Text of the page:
Cost of living: 8 in 10 providers warn of soaring salary and facility costs

Survey outlines stark picture trainers are facing amid the economic gloom

Survey outlines stark picture trainers are facing amid the economic gloom

31 Oct 2022, 15:56

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Eight in 10 private training providers have warned that they are being seriously impacted by rising salary and building costs, with two thirds fearing staff turnover could hit their business hard, a new survey has found.

More than 200 providers responded to a September survey by the Association of Employment and Learning Providers (AELP) around the biggest cost of living impacts.

Some of the findings, published today ahead of AELP’s autumn conference in Manchester tomorrow, outlined the stark picture trainers were facing amid the economic gloom.

Survey respondents have asked the organisation’s future recommendations to government to include an increase in funding bands and review of overall delivery costs, assessing wage inflation and staff shortages, measures to address increasing bureaucracy, and increasing employer incentives to take on more apprenticeships.

Here are the key findings…

Salaries and facilities costs top providers’ pressures…

Rising salary costs topped the list of biggest cost pressures, with 86 per cent saying they would be seriously impacted.

More than eight in 10 also cited the rising costs of facilities and premises as a big issue.

AELP said its findings indicated that higher level apprenticeship standards were suffering because of “increased wage expectations of appropriately qualified tutors and trainers”.

One respondent said that “in the past year the market salary rates for good quality tutors at these standards have increased by almost a third”.

…prompting fears for staff turnover

Two thirds of survey respondents (67 per cent) said increased staff turnover was a fear, while training consumables and travel and subsistence costs were also raised by more than two thirds.

The AELP findings said: “It is becoming difficult to retain and recruit staff on a trainer’s salary for a lot of higher-level qualifications and financial standards, as individuals can attract much more by staying in the industry.”

Assessment costs have crept up

More than half – 53 per cent – of respondents said they had noticed the costs of assessments, which included apprenticeship end point assessments (EPAs), had gone up while their own funding had remained static.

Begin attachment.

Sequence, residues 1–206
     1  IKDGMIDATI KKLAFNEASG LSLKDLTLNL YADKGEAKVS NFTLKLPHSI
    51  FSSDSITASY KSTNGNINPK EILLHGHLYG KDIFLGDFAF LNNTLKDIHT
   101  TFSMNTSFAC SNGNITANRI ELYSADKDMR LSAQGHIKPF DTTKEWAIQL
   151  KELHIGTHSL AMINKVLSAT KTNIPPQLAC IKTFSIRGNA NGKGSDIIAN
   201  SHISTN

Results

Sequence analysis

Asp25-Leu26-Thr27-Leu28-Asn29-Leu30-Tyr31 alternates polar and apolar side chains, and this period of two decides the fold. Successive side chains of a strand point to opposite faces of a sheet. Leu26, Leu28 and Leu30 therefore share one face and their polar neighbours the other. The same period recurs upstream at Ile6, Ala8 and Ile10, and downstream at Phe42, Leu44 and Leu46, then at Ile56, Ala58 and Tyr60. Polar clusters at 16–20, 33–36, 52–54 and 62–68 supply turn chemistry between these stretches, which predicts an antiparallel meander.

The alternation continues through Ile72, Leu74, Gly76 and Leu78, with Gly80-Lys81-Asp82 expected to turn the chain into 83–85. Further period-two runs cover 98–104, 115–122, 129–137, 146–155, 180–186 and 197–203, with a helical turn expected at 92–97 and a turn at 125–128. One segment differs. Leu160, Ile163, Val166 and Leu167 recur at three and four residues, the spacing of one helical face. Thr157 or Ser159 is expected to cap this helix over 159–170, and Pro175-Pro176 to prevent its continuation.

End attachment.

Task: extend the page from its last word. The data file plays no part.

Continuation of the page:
Providers have asked for AELP to consider assessments in their future recommendations to government.

Some providers said that prices had changed notably when it was confirmed that end point assessment organisations could charge up to 20 per cent of the standard for the cost of an EPA.

Some sectors impacted more than others

Catering and hospitality, transport and logistics, care, construction, and engineering and manufacturing were the sectors most impacted, according to the findings.

AELP said that these were the “sectors with high capital or resource outlays that were in general being very badly affected”.

In addition, it found that standards relying on practical skills and higher proportions of training materials, like construction, were particularly vulnerable.

In the case of areas like care and early years provision, many respondents said that they were already badly funded and inflation movements had made that situation worse.

‘Rising costs are really starting to bite’

Jane Hickie, AELP chief executive, said: “Our research backs up what AELP members tell me on a daily basis – that rising costs are really starting to bite. Many training providers are extremely concerned about what the future holds, and, despite unprecedented inflation rates, some funding bands have not been reviewed for many years.

“The current situation is simply not sustainable and – alongside continued long-term investment in skills – we need urgent intervention from government to ensure funding matches the true cost of delivery.”

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One comment

  1. Dickens

    I think it’s also worth remembering that even though salary increases are the top reason for cost pressures by providers, for staff I don’t remember seeing a single pay award that is higher than inflation (aside from the 15% for barristers).

    Staff in the sector are still experiencing real terms pay cuts and it’s particularly acute for those at the lower end of salary scales as they are impacted more by inflation (i.e. they don’t have luxuries to trim & food energy and housing costs take up a much greater proportion of their income).

    I’d like to see a bit more openness and honesty about that as without frontline workers, the sector is nothing.